Identity and Access Management (IAM) today requires particular care in the prioritization of processes governing the controlled access of users to critical resources of their companies. These requirements are changing with the emergence of new security threats. Consequently, the demand for modern technologies supporting IAM is growing. What awaits us soon?

IAM systems and their role

As we mentioned in the introduction, identity and access management IAM enables active control of user access to critical resources in their organizations. Thanks to IAM, administrators can define the scopes of access to systems or networks. They take into account the roles assigned to individual users. IAM records user login information. Thanks to them, access rights are allocated and removed, and their databases are maintained. 

Control over user access reduces the risk of internal and external data breaches. In turn, automation of IAM systems allows companies to operate more efficiently. As in all areas, new trends are emerging in the IAM area.

Biometric identification in IAM is – in many cases – treated as a replacement for passwords.

SSO and Keycloak.X

Single Sign-On (SSO) allows for fast, secure, and seamless access to online services with a single login of the user’s choice. Single sign-on eliminates the need to manage multiple credentials. The most popular solution in use today is Keycloak, an open-source identity and access management tool for modern applications and services. 

Developmental changes are affecting this product as well. Keycloak.X, which will be released any moment, is expected to be lighter, faster, easier, more scalable, and more cloud-native, according to its developers. Keycloak.X vs. Keycloak is not just a change of code. Also a cultural shift, focusing much more on user experience and delivering a manageable solution over simple code snippets.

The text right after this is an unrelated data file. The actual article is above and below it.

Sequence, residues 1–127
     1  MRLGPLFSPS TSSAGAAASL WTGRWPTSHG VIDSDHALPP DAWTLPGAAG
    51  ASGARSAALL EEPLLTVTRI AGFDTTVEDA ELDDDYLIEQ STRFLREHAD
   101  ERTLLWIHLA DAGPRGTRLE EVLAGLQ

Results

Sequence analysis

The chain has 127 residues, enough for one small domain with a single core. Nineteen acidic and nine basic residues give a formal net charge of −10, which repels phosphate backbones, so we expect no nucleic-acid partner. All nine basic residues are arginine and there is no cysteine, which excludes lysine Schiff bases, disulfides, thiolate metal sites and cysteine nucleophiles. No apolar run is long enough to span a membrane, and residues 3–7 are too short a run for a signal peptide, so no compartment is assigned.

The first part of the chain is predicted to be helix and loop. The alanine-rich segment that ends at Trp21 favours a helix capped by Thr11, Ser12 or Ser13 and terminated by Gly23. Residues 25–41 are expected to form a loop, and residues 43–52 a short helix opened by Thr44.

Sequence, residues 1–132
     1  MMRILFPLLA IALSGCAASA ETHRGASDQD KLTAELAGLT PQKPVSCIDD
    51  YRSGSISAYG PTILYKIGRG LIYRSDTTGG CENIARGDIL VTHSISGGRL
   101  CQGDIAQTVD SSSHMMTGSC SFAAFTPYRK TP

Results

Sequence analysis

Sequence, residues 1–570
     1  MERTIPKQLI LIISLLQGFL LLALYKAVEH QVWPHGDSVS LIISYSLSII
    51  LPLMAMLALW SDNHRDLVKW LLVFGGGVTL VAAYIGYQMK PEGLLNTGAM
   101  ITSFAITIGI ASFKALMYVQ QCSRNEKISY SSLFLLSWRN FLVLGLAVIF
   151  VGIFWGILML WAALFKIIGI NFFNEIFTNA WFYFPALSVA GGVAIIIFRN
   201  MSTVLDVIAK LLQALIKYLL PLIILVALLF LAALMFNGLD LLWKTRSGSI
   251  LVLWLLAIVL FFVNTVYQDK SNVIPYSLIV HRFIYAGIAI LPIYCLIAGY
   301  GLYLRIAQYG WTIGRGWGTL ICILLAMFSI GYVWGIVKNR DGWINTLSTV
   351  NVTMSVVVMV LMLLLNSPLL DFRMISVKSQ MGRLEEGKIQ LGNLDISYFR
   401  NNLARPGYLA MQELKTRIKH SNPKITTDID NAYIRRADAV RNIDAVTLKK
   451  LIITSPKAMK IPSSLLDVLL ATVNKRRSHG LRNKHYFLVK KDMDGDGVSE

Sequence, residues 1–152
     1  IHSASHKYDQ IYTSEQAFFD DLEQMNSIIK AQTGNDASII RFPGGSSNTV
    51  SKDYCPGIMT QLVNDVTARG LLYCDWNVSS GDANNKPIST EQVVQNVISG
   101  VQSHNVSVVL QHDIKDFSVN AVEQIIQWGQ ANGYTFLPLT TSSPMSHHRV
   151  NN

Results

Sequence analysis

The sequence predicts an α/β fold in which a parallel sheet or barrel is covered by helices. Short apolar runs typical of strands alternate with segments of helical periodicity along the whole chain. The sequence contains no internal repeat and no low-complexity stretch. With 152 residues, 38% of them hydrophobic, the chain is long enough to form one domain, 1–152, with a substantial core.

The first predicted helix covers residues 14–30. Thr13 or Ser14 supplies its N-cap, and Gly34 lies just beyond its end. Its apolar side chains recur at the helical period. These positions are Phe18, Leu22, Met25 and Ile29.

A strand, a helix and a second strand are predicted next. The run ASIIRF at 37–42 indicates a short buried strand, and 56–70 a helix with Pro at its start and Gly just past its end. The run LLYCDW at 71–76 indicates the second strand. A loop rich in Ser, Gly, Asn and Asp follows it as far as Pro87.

The change key will be the move from WildFly to Quarkus. The developers are providing six months for migration.

Self-Sovereign Identity (SSI)

Implementation of this system has been in the works for several years. Self-Sovereign Identity (SSI) is the term used to describe the concept that an individual – just as in the physical world as in the digital world – should own and control identity without the intervention of external authorities. SSI technologies affect the decentralization of identity creation, its attestation, and verification. Identity management directly by the user is, according to many, not too distant future.

Support for artificial intelligence (AI)

The development of IT infrastructure and the number of operations it supports make its management – also in the field of access control – more and more difficult. However, artificial intelligence (AI) and machine learning (ML), is already being used to improve efficiency and automate processes. This trend is sure to expand. 


As defined, blockchain is a chain of blocks. With a shared, immutable register that facilitates the documentation of transactions, both tangible and intangible resources. In the case of IAM, blockchain can be used as an identity verification tool. Confirm the relationship between an individual and their digital identity, and for identity management.

Behavioral biometrics

Biometric identification in IAM is – in many cases – treated as a replacement for passwords. However, biometric databases are not free from breaches. The solution is adaptive biometrics. It integrates biometric identifiers into a continuous authentication model. Instead of static data such as a fingerprint or facial or eye scan, the IAM solution uses behavioral biometrics. Dynamic data such as finger pressure, voice modulation, or eye movement patterns. Each person has unique behaviors that distinguish him/her. And these differentiators are used by IAM systems.


Launch your rocket!

Leave your email - we'll get back to you as soon as possible!